As Petitioner has already twice requested review from the Superior Court under § 23-110, this Court may only entertain this latest habeas petition if it finds that the previous use of the local collateral-attack remedy was "inadequate or ineffective to test the legality of his detention." Yet Petitioner does not provide any support for his conclusory claim that the District's § 23-110 process was inadequate or ineffective. On the contrary, Judge Johnson considered individually each claim in Petitioner's second § 23-110 application and ultimately found that he had not raised any cognizable claim requiring additional action in the form of an evidentiary hearing. The D.C. Court of Appeals also looked at the record to determine that Petitioner's ineffective-assistance-of-counsel claim was without merit. See D.C.C.A. Oct. 9, 2008, Opinion at 2. It would thus defy clear congressional intent for the Court to entertain the merits of this latest petition for habeas review. Petitioner has already benefited from collateral review of his conviction before the Superior Court and the D.C. Court of Appeals, and as our Court of Appeals has made clear, "[i]t is the inefficacy of the remedy, not a personal inability to utilize it, that is determinative" of whether the § 23-110 process was "inadequate or ineffective." Garris v. Lindsay, 794 F.2d 722, 727 (D.C. Cir. 1986).

B. Federal Habeas Petition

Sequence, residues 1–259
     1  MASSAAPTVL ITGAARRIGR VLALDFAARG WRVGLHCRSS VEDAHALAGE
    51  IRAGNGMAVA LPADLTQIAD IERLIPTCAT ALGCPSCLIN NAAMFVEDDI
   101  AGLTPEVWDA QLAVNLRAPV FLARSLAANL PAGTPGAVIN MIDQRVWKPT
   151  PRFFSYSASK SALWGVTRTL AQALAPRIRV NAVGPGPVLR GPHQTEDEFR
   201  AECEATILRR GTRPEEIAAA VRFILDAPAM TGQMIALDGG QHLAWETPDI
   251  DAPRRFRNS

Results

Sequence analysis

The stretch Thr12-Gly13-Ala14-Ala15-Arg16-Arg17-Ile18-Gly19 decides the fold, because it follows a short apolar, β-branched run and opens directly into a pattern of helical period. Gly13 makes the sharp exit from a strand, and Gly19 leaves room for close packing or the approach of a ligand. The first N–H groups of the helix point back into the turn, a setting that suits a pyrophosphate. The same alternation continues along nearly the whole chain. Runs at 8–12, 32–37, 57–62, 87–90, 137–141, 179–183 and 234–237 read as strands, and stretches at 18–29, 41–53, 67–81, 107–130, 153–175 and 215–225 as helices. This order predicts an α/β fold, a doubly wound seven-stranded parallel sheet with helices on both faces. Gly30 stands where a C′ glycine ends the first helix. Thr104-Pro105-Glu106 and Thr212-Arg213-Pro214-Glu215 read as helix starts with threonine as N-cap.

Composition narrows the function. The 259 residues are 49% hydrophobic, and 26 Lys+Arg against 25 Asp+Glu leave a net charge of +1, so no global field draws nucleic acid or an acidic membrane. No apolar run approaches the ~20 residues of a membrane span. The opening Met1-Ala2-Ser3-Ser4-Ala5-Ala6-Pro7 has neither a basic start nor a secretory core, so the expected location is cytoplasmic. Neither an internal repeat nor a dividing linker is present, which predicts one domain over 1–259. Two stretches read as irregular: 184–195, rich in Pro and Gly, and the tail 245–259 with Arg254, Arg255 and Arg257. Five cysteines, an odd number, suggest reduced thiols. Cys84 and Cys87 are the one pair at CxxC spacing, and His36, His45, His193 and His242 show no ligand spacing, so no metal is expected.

Even were the Court to find § 23-110 inadequate or ineffective, Petitioner would still not prevail. This is because under neither 28 U.S.C. § 2241 nor § 2254 can Petitioner mount a successful challenge to his conviction. The parties disagree as to which federal habeas remedy would be appropriate should the Court find the local remedy inadequate or ineffective. Petitioner asks the Court to consider his claims under 28 U.S.C. § 2241, whereas Respondent counters that 28 U.S.C. § 2254 is the appropriate statutory remedy. Ultimately, neither affords Petitioner relief.

28 U.S.C. § 2241 codifies the traditional habeas remedy, which allows federal courts to grant a writ of habeas corpus in a number of circumstances. After being amended, 28 U.S.C. § 2254 limits the authority of federal courts to entertain habeas petitions from state prisoners thus: "[federal courts] shall entertain an application for a writ of habeas corpus in behalf of a person in custody pursuant to the judgment of a State court only on the ground that he is in custody in violation of the Constitution or laws or treaties of the United States." In addition, § 2254 includes a number of more restrictive conditions to a federal habeas action from a state prisoner.

For example, § 2254 restricts habeas review to those who have exhausted state remedies or for whom the state remedy is ineffective. § 2254(b)(1). Section 2254, moreover, is available only when the judgment of the state court resulted in a decision that was (1) "contrary to, or involved an unreasonable application of, clearly established Federal law," or (2) "based on an unreasonable determination of the facts in light of the evidence presented in the State court process." § 2254(d). It is thus more difficult for a petitioner to be eligible for § 2254 than § 2241 review.